An early start for the 4 hour drive to Ho Long Bay Bay. On the way was a stop at a pottery ‘factory’ where large pots are hand made. Amazing skill. Continuing on we reached the bay around 1:00pm and headed out. It really was one of those pinch yourself moments. The bay is every bit as spectacular as the brochures portray, although it was quite smokey – hazy. Apparently its smog drifting in from china, which is quite close to the north.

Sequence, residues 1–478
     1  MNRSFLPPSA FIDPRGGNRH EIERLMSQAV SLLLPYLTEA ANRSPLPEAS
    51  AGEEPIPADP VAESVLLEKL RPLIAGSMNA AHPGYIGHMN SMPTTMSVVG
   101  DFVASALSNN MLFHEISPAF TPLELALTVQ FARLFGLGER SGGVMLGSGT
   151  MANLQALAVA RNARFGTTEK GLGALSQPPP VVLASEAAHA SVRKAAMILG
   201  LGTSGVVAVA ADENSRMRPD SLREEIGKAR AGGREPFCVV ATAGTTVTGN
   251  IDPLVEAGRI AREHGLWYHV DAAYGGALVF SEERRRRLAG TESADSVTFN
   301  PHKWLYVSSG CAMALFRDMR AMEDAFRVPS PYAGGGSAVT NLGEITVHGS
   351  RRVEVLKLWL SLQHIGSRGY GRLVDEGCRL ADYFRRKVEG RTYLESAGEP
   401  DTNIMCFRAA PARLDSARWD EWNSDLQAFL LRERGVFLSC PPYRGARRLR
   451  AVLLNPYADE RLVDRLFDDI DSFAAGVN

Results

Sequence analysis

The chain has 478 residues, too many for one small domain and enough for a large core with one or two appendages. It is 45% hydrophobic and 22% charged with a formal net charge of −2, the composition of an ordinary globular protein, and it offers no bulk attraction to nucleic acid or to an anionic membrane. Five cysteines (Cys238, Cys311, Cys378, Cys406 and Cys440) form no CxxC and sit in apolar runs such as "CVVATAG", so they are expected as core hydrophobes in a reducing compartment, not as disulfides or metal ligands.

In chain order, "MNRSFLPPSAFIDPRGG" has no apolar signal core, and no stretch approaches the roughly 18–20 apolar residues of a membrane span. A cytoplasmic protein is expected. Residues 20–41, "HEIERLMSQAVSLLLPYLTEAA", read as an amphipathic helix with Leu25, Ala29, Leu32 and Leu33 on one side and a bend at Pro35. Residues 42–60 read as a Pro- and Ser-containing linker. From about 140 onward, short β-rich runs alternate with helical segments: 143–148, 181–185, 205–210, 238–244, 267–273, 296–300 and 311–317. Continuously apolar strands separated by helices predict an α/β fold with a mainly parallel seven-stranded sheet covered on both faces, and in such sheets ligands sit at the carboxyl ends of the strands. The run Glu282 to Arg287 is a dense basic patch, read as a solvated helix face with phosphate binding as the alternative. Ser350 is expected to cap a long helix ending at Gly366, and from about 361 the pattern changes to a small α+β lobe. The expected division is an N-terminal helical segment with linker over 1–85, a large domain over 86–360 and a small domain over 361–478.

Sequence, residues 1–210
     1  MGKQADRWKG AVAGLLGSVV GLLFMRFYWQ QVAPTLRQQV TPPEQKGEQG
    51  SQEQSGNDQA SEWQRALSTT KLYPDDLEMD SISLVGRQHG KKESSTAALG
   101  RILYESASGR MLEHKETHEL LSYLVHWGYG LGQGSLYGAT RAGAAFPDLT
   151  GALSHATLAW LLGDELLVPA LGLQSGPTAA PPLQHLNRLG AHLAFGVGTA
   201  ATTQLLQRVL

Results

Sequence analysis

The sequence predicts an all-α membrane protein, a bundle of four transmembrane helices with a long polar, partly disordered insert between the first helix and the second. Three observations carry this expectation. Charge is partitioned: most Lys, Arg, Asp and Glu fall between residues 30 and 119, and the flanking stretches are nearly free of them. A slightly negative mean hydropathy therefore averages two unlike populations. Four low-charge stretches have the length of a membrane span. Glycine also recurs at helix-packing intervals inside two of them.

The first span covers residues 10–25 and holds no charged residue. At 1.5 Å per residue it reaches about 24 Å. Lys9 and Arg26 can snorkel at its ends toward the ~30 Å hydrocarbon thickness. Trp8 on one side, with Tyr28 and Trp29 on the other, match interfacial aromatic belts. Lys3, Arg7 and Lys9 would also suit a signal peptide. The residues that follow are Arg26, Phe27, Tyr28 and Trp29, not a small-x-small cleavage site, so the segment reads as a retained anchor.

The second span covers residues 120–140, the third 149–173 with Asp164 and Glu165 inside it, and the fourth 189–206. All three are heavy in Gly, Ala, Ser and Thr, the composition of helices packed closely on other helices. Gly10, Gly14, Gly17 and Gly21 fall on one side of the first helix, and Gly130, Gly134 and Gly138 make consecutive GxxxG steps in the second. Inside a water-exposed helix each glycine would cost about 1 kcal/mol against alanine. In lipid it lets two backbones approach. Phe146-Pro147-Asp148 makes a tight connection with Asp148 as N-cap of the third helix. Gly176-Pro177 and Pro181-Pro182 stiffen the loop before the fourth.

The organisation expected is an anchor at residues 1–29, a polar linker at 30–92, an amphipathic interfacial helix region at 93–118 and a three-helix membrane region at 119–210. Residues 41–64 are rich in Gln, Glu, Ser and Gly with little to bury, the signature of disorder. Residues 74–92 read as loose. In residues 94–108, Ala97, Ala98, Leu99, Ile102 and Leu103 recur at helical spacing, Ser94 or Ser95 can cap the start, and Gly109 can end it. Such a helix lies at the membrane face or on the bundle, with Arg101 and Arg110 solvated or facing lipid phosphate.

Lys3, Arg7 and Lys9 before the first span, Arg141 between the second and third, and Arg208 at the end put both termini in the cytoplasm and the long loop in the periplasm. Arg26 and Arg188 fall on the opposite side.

The boat was much more upmarket than expected and the food superb. Late afternoon we arrived at a cave where he went ashore and climbed the 400 or so steps to ‘explore’ the cave (very tourist oriented, so no real exploring. Everything here is VERY controlled to minimise risk.) After that we headed for another island where we could climb another several hundred steps to a lookout, then down again for a swim. Very refreshing after the steep climbing walk.

After that it was back to the boat for a few beers – most expensive yet at 50000VD (about $3.50!) and dinner (more superb food) and a quiet chat with the group. Great bunch of people – more about that later.

Day 1 – Sunday September 29 – Hanoi